The Islamists of Palestine were once respected as a supposedly honest alternative to corrupt secular rivals, the Western-backed Fatah group led by the late Yasser Arafat. But that luster has mostly been lost as miserable Gaza becomes even poorer and more aid-dependent. The corruption of the Fatah days is perceived to have persisted into Hamas' rule, as Audis, Porsches and Hummers are driven around potholed streets by a newly wealthy class of black market traders who benefit from the regime.
For those inclined to fight Israel, even that appeal was lost as Hamas has mostly stuck to a truce in recent years.
On the streets of Gaza, bitterness seems prevalent.
"I am not saying Fatah was better, but when I voted for Hamas I voted for change," said Fahmi Khamis, 42, a vendor who sells made-in-China household goods in Gaza City's outdoor market. "This did not happen. Instead, we lost a lot."
This month marks five years since Hamas violently seized Gaza in a brief civil war—a year after winning 2006 parliamentary elections and following an effort at joint rule with Fatah. The anniversary comes at a tense moment in the region. Its parent group, the Muslim Brotherhood, is locked in a struggle for power in neighboring Egypt. Results from last weekend's close presidential vote are expected at any moment and there is widespread fear of renewed violence if the Brotherhood's Mohammed Morsi is not declared the winner.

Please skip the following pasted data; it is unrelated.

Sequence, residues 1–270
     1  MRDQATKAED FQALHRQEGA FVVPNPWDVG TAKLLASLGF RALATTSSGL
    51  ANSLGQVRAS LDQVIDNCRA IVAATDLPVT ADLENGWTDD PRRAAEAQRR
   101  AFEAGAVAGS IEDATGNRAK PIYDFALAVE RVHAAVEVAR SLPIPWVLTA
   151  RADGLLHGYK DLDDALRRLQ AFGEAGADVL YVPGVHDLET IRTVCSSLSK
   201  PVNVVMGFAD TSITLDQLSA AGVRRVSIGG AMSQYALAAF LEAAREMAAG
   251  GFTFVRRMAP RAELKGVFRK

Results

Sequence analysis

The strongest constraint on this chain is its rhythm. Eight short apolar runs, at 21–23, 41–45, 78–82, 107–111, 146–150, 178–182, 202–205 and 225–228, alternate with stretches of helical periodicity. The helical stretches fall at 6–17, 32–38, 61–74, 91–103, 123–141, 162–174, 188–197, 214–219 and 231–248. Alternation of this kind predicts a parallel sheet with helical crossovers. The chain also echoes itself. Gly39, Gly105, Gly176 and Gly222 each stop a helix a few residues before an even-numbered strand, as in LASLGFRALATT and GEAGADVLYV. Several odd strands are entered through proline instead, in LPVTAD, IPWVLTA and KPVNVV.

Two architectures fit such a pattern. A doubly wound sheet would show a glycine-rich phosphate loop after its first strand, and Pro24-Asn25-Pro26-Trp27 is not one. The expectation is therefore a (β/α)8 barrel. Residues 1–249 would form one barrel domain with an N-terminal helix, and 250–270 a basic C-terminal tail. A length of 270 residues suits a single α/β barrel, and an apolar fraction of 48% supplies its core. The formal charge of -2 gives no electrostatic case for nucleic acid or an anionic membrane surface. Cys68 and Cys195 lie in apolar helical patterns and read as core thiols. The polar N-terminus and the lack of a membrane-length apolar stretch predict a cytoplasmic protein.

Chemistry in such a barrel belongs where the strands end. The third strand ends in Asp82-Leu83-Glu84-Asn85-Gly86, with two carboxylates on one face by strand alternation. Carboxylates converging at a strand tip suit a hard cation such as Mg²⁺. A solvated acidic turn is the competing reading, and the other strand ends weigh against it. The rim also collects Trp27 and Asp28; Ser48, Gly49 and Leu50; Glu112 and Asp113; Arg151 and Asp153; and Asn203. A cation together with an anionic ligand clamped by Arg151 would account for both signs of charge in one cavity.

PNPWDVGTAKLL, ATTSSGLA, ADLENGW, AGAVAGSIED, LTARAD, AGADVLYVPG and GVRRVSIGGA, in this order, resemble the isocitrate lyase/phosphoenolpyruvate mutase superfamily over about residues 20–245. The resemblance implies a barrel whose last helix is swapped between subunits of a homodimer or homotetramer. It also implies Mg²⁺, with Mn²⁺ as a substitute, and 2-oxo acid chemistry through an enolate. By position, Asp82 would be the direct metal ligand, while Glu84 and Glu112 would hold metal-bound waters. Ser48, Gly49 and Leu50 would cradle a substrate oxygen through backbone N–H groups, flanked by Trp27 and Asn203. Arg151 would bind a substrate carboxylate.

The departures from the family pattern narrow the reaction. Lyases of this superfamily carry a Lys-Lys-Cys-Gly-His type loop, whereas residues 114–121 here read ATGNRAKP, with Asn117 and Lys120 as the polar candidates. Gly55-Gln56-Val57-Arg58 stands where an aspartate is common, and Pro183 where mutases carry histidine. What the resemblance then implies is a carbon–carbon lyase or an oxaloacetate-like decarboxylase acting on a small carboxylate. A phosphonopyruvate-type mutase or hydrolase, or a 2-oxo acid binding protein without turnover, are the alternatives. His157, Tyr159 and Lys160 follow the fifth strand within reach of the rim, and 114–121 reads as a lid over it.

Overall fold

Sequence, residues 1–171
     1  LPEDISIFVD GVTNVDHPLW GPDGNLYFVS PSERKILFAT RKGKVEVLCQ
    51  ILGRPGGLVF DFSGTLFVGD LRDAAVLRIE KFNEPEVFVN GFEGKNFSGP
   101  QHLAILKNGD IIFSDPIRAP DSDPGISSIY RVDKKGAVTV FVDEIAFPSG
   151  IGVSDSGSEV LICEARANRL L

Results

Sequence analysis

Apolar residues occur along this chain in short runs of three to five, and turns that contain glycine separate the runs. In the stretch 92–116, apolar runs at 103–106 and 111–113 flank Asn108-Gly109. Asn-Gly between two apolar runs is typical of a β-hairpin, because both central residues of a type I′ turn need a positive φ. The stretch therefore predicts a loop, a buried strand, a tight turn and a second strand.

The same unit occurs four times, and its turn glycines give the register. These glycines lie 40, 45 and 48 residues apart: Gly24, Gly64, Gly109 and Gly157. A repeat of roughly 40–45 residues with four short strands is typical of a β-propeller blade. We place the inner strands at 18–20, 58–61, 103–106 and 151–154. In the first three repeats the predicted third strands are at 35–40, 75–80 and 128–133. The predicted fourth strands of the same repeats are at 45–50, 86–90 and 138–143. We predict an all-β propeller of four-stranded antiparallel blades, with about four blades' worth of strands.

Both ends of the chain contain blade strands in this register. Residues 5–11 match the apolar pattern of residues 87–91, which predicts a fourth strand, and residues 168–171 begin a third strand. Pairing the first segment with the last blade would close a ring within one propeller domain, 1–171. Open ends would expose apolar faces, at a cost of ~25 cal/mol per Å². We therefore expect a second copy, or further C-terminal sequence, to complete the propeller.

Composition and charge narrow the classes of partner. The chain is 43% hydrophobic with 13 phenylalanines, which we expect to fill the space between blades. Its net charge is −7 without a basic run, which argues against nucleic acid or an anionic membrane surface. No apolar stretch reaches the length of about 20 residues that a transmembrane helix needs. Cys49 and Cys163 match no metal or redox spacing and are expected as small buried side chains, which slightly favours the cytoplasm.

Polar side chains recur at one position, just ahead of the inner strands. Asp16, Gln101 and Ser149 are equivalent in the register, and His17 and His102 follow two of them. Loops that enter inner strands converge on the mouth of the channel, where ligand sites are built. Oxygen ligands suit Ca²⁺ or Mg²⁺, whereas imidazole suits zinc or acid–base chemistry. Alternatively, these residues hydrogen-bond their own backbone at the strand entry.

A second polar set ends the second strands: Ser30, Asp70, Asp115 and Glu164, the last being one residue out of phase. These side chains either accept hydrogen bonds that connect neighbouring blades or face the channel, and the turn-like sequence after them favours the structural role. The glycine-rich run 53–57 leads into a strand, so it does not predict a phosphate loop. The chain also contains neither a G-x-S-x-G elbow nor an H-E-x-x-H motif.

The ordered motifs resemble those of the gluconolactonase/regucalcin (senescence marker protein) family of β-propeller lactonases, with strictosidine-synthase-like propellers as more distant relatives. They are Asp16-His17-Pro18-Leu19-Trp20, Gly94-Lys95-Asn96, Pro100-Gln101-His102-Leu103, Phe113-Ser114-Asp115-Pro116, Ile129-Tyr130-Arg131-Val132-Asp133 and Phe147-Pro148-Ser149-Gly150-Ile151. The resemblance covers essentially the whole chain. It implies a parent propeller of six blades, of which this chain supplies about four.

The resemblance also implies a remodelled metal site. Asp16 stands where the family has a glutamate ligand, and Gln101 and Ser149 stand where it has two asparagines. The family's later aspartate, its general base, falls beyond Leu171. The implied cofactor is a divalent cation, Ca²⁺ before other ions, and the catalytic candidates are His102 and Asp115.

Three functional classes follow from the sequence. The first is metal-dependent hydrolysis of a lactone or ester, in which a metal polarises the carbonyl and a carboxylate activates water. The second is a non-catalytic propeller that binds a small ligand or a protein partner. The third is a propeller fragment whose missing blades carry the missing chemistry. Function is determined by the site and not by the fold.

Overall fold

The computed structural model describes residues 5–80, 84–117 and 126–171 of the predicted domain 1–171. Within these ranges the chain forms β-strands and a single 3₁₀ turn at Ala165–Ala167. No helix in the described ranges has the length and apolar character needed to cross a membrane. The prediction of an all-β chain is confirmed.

Are there lessons to be learned here about what would follow in Egypt should Islamists ultimately come to power there? The inclination to seek them is natural enough: Hamas became the first branch of the region-wide Muslim Brotherhood to get a chance to govern. But the differences are considerable between huge, proudly independent Egypt and tiny Gaza, with its narrative of victimization, struggles with Israel and split from the still Fatah-ruled West Bank. And for fellow Islamists on the rise—not just in Egypt but in Tunisia, Libya and other countries transformed by the Arab Spring—the Hamas experiment in Gaza seems mostly an embarrassment.
"If they (Islamic movements) look at Hamas, it's as a negative model of what happens if you win elections too quickly and face unfavorable international conditions," said Nathan Brown of the Carnegie Endowment for International Peace.
From the moment Hamas seized Gaza from Arafat's successor, Palestinian President Mahmoud Abbas, Israel and Egypt sealed the territory's borders and much of the world boycotted the Islamists for refusing to renounce violence and recognize Israel. The economy hobbled along, relying on blockade-evading smuggling tunnels under the Egyptian border, support from a U.N. aid agency that serves two-thirds of the population, Iranian largesse and continued salary transfers from the Abbas government in the West Bank for tens of thousands of pro-Fatah civil servants who were paid not to work for Hamas.
Today, the blockade—though eased slightly in the last two years—continues to prevent economic recovery and slows down badly needed infrastructure projects, such as sewage treatment plants. The per capita GDP is 17 percent lower than seven years ago, 90 percent of drinking water is unfit for consumption without treatment and 90 million liters of untreated or partially treated sewage are dumped into the sea each day, according to U.N. figures. One-third of the workforce is unemployed.
At the same time, the black-market economy and unchallenged one-party rule have created a new wealthy class. Lack of oversight over millions of dollars in annual aid from Iran and private Arab donors has fueled rumors of official corruption. Tunnel smugglers are seen driving around in fancy cars.